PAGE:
Defendant's first contention is that the Missouri Act is unconstitutional because it is in violation of Clause 3, Section 10, Article I, Constitution of the United States, which provides, among other things, that "No State shall, without the Consent of Congress, * * * enter into any Agreement or Compact with another State, * * *." There is nothing in the Missouri Act which requires or contemplates an agreement or compact with another state, and in fact insofar as the Act is concerned no agreement or compact has been entered into. Missouri has never agreed with any other state what the duties of the defendant should be as to support of his dependents, and she is free to repeal the Act at any time. There is no "formation of any combination tending to the increase of political power in the states, which may encroach upon or interfere with the just supremacy of the United States," which condition has been held to be essential to an agreement or compact requiring the consent of Congress. State of Virginia v. State of Tennessee, 148 U.S. *795 503, 519, 13 S. Ct. 728, 734, 37 L. Ed. 537, 543. A leading writer on this subject suggests that "Perhaps the true rule is that all compacts or agreements which increase or decrease political power are void, but that all others are voidable merely, at the option of the national government, and that a consent thereto may be inferred from silence and acquiescence." Bruce, The Compacts and Agreements of the States with One Another and with Foreign Powers, 2 Minn. L.Rev. 500. Assuming that the Missouri Act constitutes a compact with another state, it does not increase or decrease political power, and therefore it is not void but at most is voidable. There has been no objection from Congress, and we do not anticipate that there will be. Similar acts in other states have been subjected to this same attack, and in each case the validity of the act has been upheld for the reasons above mentioned. Duncan v. Smith, Ky., 262 S.W.2d 373, 42 A.L.R.2d 754; Landes v. Landes, 1 N.Y.2d 358, 153 N.Y.S.2d 14, 135 N.E.2d 562. See also Brockelbank, Is the Uniform Reciprocal Enforcement of Support Act Constitutional?, 17 Mo.L.Rev. 1; and Franks, Uniform Reciprocal Enforcement of Support Act: A Critical Analysis of its Current and Future Status, 17 U. of Pittsburg L.Rev. 261.

Defendant next contends that the Missouri Act is "retrospective in its operation" and therefore in violation of Section 13 of Article I of the Constitution of Missouri. Defendant states in his brief that when he returned to Missouri in 1950 there was no duty imposed on him by Missouri law to support any dependent he may have had except a dependent residing or being in Missouri, and that the duty asserted by plaintiff came into being on the effective date of the Missouri Act in 1951. No cases are cited in support of these assertions.

The Missouri Act does not impose a duty on the father to support a minor child. It provides the procedure for enforcing an otherwise existing duty. Section 454.070. See also an excellent discussion of this question in an article by Blue and Caselman, The Missouri Reciprocal Uniform Support of Dependents Law, 20 U. of Kansas City L.Rev. 164. In this case we are not concerned with whether defendant owed a duty under the law of Missouri to support his minor child when he came to Missouri in 1950, but only whether he owed such a duty at the time of the filing of the petition in the circuit court of Macon County. It has long been the rule in this state that a father has the duty to support his minor children. Wrigley v. Wrigley, 345 Mo. 207, 132 S.W.2d 989; Robinson v. Robinson, 268 Mo. 703, 186 S.W. 1032; In re Scarritt, 76 Mo. 565, 43 Am.Rep. 768; Semon v. Illgenfritz, 223 Mo.App. 546, 15 S.W.2d 912; Worthington v. Worthington, 212 Mo.App. 216, 253 S.W. 443. We know of no reason why this duty does not extend to a minor child across a state line. Certainly the humanitarian reasons giving rise to this duty would not support defendant's contention. The duty of a father to support his minor children is frequently enforced by a court granting a divorce to the parents, and the procedure provided for in the uniform reciprocal support of dependents laws is designed to afford an additional means of enforcing that duty, whether or not the parents are divorced, when the father is in a state different from that of the minor child. Section 454.030. But see the limitation in Welch v. McIntosh, Mo. App., 290 S.W.2d 181, not here applicable. A similar attack to that made here was made against the California Act and was held to be without merit. Smith v. Smith, 131 Cal. App. 2d 764, 281 P.2d 274. We find no merit in this attack made by defendant.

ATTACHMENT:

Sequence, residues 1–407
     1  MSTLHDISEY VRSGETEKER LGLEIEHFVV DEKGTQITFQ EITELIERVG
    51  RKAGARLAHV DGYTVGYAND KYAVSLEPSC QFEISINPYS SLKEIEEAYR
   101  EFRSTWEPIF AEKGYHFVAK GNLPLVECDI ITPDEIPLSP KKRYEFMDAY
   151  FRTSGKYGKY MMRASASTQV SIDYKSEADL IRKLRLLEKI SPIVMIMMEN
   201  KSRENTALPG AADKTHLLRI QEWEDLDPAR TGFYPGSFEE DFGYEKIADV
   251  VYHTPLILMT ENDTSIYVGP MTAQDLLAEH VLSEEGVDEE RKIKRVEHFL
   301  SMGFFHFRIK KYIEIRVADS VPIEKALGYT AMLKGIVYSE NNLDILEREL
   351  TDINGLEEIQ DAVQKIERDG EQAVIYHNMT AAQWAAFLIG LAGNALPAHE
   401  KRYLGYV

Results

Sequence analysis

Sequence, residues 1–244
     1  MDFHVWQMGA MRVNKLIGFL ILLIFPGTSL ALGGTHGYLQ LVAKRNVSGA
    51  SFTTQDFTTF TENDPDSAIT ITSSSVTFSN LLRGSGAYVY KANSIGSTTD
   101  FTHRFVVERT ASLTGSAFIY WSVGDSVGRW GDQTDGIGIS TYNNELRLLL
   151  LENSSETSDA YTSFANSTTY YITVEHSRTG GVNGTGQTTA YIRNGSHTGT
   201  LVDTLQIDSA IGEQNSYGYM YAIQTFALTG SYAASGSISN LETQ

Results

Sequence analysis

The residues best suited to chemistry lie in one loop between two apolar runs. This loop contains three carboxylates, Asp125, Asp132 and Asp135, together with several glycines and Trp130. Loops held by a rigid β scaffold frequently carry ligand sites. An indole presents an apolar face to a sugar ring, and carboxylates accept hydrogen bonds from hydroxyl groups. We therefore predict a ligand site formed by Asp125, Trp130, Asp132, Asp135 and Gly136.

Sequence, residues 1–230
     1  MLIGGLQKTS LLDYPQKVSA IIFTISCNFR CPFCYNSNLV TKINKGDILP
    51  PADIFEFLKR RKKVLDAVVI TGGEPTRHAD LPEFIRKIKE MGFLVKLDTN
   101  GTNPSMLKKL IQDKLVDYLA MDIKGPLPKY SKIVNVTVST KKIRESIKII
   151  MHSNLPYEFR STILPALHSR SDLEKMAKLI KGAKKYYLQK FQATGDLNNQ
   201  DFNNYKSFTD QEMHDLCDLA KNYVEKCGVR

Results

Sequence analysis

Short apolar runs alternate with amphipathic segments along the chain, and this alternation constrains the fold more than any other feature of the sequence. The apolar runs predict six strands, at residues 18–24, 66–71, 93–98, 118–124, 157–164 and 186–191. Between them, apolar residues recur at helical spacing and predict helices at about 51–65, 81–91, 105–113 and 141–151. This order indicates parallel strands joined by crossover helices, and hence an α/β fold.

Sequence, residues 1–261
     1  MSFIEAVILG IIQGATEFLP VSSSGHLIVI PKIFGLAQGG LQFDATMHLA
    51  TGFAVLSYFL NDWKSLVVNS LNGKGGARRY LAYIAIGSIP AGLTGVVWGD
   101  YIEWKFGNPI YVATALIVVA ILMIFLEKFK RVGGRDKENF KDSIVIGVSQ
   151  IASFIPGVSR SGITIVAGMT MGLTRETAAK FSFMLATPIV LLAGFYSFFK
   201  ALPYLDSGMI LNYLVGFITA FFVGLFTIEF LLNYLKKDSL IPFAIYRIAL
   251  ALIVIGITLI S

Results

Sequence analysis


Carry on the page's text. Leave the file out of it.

Defendant's next contention is that the Missouri Act violates the due process clauses of both the Federal and State Constitutions. V.A.M.S.Const. art. 1, § 10; Const. Amend. 14. In his brief he points out what he considers to be two "inherent vices" of the Act.